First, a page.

Very often, it is forbidden to start a permanent circuit in road races due to fatal accidents. The Sachsenring is no exception to this rule …
It all began on May 26, 1927, when a motorcycle race called the Badberg Viereck rennen (Badberg Rectangular Race) was held in Hohenstein-Ernstthal, near Chemnitz, Saxony. The approximately rectangular route of 8,731 kilometers, in place of the current circuit, offered a bit of everything: straight lines, fast curves, passage between houses, tight forks, all in a mountainous and green landscape.
The success was huge with over 140,000 spectators lined up on the field and the 1928 edition was no less popular. However, it proved to be exceptionally dangerous, with no less than 41 falls along its route, leading local authorities to close the competition.
It was not until 1934 that racing resumed, this time hosting the prestigious European Motorcycle Grand Prix in 1936. Unfortunately, the dangers were still present and three riders were killed, including the 1933 European champion. Gunnar Kalen and the 1934 champion Pol Demeuter. But this time the event has taken on a national dimension and is no longer banned.
In 1937, after the closure of the Grillenburger Dreieck course in the Tharandter Forest, the Hohenstein-Ernstthal road regains its name Sachsenring.
The Scots Jimmie Guthriewinner of the “Grand Prix d’Europe” in 1935 and 36, he committed suicide but the success was undeniable and, three years later, only the war could end the competitions, so the enthusiasm (and propaganda) were so popular. far…
Once peace returned to a region under Russian tutelage, the races resumed with a doubling fervor in 1949, the 1950 edition of the German championship even constituted a high point with 480,000 visitors on Sunday alone! Did you say “popular fervor”?
Photo: FIM / Maurice Büla
The sixties did not deny this success, on the contrary, viewers were always fascinated by the performances of local productions of Zschopau, the MZ with 2-stroke engines of the wizard. Walter Kaaden led among others by Ernst Degner until 1961, before the latter passed west of the Iron Curtain, bringing to Suzuki the secrets of East German technology …
From this date, the Grand Prix of the German Democratic Republic becomes a test of the World Motorcycle Championships and the world stars of the motorcycle competition pay an annual visit to Saxony, such as Mike Hailwood, Giacomo Agostini, Dieter Braun and Angel Nieto... but more Ernst Degnereagerly awaited by the Stasi!
Here, in 1963, the invincible Navy Suzuki in 125 (which even “stole” the original colors of MZ, blue and silver), with from left to right Hugh Anderson, Frank Perris and the Austrian Bert Schneider. At the far right, the MZ # 143 of Laslo Szabothen behind the number 144 of Werner Musiol and the # 150 of Dieter Krumpholz.
Another audience favorite, British 125cc world champion Bill Ivy, became another tragic addition to the death list in 1969, when he was kicked off his bike by a tight piston.
The immense popular success has gradually generated intelligent intelligent ways of seeing the races in spite of the crowds …
In the 1970s, things got worse as local machines and drivers were overtaken by competitors in the Western world. In 1971, the turning point came when West Germany Dieter Braun gets the 250cc victory in 1971: in protest of the prevailing conditions in the country, someone cuts the speakers playing the national anthem of the GDR and the crowd sings the Deutschland über Alles !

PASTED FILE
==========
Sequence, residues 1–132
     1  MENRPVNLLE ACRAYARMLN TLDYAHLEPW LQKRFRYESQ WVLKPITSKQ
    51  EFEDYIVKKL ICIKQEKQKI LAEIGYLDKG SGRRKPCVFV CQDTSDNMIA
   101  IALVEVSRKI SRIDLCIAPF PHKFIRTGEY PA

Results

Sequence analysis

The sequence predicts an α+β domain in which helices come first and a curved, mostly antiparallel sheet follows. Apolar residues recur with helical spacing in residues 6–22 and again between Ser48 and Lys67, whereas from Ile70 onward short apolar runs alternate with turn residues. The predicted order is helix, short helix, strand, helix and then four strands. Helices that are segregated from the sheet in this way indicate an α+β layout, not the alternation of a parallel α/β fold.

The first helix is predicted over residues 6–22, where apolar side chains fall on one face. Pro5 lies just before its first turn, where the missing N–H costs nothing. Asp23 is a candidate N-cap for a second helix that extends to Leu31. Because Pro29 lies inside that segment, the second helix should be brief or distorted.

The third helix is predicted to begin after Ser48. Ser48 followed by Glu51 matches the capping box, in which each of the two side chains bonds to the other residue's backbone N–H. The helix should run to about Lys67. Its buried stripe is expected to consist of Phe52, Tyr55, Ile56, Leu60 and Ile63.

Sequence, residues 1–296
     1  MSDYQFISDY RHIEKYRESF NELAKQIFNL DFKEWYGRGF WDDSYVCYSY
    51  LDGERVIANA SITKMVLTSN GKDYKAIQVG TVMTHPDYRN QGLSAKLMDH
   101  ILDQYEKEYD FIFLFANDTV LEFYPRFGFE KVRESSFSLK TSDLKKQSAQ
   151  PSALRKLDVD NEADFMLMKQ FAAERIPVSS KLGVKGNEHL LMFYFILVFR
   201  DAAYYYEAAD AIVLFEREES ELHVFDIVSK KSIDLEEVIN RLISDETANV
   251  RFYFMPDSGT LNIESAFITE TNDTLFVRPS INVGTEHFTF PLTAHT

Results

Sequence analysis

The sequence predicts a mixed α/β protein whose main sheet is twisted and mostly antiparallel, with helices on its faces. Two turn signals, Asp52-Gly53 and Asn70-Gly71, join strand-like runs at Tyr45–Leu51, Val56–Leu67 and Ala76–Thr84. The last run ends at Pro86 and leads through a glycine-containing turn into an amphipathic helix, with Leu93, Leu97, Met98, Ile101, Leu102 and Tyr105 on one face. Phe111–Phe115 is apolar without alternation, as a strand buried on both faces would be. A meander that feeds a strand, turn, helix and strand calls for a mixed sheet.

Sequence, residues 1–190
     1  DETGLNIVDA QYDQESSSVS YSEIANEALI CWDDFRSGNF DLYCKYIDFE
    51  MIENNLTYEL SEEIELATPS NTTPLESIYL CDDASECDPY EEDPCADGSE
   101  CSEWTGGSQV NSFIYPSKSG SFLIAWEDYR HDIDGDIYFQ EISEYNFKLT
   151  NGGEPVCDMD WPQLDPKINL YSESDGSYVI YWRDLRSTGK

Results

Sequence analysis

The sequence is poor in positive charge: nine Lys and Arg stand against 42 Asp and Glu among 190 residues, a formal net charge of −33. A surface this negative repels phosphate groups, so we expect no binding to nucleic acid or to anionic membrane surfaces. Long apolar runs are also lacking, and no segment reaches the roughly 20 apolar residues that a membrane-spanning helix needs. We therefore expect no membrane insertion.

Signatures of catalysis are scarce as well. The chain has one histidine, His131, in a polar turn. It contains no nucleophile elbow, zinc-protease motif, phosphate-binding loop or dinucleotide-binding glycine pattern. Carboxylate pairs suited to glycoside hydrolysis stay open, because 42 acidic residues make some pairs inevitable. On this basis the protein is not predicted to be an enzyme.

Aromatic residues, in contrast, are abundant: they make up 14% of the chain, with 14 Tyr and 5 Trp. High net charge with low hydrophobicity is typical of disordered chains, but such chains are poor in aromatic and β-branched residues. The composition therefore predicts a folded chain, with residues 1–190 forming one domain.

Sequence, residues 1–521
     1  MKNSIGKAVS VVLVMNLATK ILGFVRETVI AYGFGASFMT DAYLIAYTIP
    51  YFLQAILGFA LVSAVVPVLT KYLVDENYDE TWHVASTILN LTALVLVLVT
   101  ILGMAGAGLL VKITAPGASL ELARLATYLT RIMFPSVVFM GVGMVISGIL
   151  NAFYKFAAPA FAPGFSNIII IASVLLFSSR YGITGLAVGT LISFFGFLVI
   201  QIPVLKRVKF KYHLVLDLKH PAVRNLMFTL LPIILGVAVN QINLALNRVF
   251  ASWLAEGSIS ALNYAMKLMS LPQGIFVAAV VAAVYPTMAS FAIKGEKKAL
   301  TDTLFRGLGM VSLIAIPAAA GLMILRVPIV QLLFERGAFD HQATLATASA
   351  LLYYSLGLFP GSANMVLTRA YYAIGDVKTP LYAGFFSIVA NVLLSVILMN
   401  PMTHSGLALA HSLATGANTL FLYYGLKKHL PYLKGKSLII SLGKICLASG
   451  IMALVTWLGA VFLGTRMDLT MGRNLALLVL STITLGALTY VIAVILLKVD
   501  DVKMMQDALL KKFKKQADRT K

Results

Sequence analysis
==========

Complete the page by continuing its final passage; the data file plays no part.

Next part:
This obviously displeased the East German communist authorities, who immediately withdrew the “Großer Preis der DDR” from the world championships …
The Großer Preis der DDR then Großer Preis des ADMV der DDR thus survived with events reserved for drivers in the Eastern States until 1990, when three fatal accidents occurred and caused the closure of the old circuit.
After the reunification of Germany (October 3, 1990), it will take another six years for the new circuit, drawn in place of the previous one, to host the Sachsenring-Rennen Internationals, then two more years for the Grand Prix. . of Germany counting for the world championship takes place again definitively in the current circuit of the Sachsenring.
Note its location on either side of the old route, with a common line and an exit line. The “waterfall” added later is the only one located within the old route.
Meanwhile, the Saxony circuit was opened in 1995, as an ADAC Sachsen driver training center had been expanded in 1998, its direction of rotation changed, its pit lane change to the opposite side of a main straight line lengthened in 1998 and some smoothed curves to be FIM approved.
142,000 spectators will welcome this new formula.
Further changes took place in 2000, when the chicane that led to the original section of the route was removed. The circuit authorities were not yet fully satisfied and major new changes took place before the 2001 season, when Hermann Tilke developed a new final stretch, as well as the realignment of the pit line, with new pits and a paddock created. within the new loop.
Tilke’s designs include a spectacular descent to the right into the new section, which quickly earned the nickname “The Waterfall.” These changes also cause the circuit to be completely closed for the first time, making it a truly permanent facility separate from the entire public thoroughfare.
For the record, the old control tower dating back to 1960 had to be removed during the first major renovation of the field in 1997 for the World Championships.
First dismantled, then stored for about a year and rebuilt about 200 m from the original, it is still part of the landscape today, outside the last bend.